Sunday, September 19, 2010

Don't mix Singlish with identity

Recently I sent this letter to the Straits Times:

To be or to be – what is the question hah?

“Should Singaporeans speak a standard English or Singlish?” is the wrong question.

We need to “go stun” (back up a little) to ask whether Singaporeans need, or wish, to speak and write a language – any language – fluently enough to hold a sustained, logical and sometimes protracted discussion. Then only do we know how/which to choose.

Many have observed that code-switching within a sentence (English, Mandarin, Singlish) is a common phenomenon in Singapore.

My Sociology professor reasoned, “But you can’t translate the concept ‘pek-chek’, can you?” No, I can’t. I cannot even spell it.

This difficulty in writing down the language is an intrinsic part of the problem.

We borrow words like “anomie” and “Weltanschauung” in Sociology because there are no accurate English equivalents. Similarly, when discussing localisms the use of a Singlish term may be appropriate.

However a lot of conversations I overheard seem to suggest that speakers simply do not have the vocabulary to complete a sentence in the language with which they started.

A superficial grasp of any language means we can only cope with the most superficial of thought processes. So:

(1) Do we want (our children) to learn a language that would give them access to the rich cultural heritage that that language has to offer?

(2) Do we wish to speak a language sufficiently well to discuss more profound issues relating to scientific theory, theology and philosophy, for example?

Singlish, like Cantonese, is difficult to write down. Would it ever evolve to such a level to give us the equivalent of a Shakespeare, Voltaire or Li Bai?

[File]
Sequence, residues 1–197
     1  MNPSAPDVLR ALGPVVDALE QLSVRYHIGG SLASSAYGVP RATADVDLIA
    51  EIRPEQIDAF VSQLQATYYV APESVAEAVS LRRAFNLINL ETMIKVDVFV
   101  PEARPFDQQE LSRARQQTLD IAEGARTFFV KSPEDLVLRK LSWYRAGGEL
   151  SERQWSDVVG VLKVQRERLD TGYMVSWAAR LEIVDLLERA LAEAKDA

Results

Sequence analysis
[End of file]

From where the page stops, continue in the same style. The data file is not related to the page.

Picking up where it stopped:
Admittedly most of us read foreign literature in (a good) English translation. What are the chances that Hegel, for example, would be translated into Singlish in my lifetime?

Of course, Singlish has its place amongst our family and friends. It made me feel “at home” even with my Tiong Bahru Primary School classmates after a staggering 37 years.

However because Singapore is that little red dot that trades (in goods and knowledge) with the rest of the world, we have to choose to learn a language that is able to serve this purpose.

For as long as we conflate the issues of speaking a language well (be it English, Mandarin, French) with that of our national identity (that there is nothing wrong with Singaporeans speaking Singlish) we will never arrive at the logical conclusion to either of these.

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What was published was this rather bland version:

Sep 18, 2010
Don't mix Singlish with identity

THE question of whether Singaporeans speak standard English or Singlish is the wrong one ('Getting it right - from the start'; Sept 1).

We need to back up a little to ask whether Singaporeans need, or wish, to speak and write a language - any language - fluently enough to hold a sustained, logical and sometimes protracted discussion.

Only then would we know how or what to choose.

Code-switching within a sentence (English, Mandarin, Singlish) is common. We borrow non-English words like 'anomie' and 'Weltanschauung' in sociology because there are no accurate English equivalents.

Similarly, when discussing a local custom or peculiarity, a Singlish term may be more appropriate.

But the truth is, many speakers simply do not have the vocabulary to complete a sentence in the language with which they started.

A superficial grasp of any language means we can cope with only the most superficial of thought processes.

So, do we want children to learn a language that will give them access to the rich cultural heritage that it has to offer?

And do we wish to speak a language sufficiently well to discuss more profound issues relating to, for example, scientific theory, theology and philosophy?

Singlish, like Cantonese, is difficult to write down.

Would it ever evolve to a level that would give us the equivalent of a Shakespeare, Voltaire or Li Bai?

Of course, Singlish has its place among family and friends.

It made me feel at home with my Tiong Bahru Primary School classmates after a separation of some 37 years.

However, because Singapore is that little red dot that trades (in goods and knowledge) with the rest of the world, we must choose to learn a language that is able to serve this purpose.

For as long as we conflate the issues of speaking a language well (be it English, Mandarin or French) with that of our national identity (that there is nothing wrong with Singaporeans speaking Singlish) we will never arrive at the logical conclusion to either of these.

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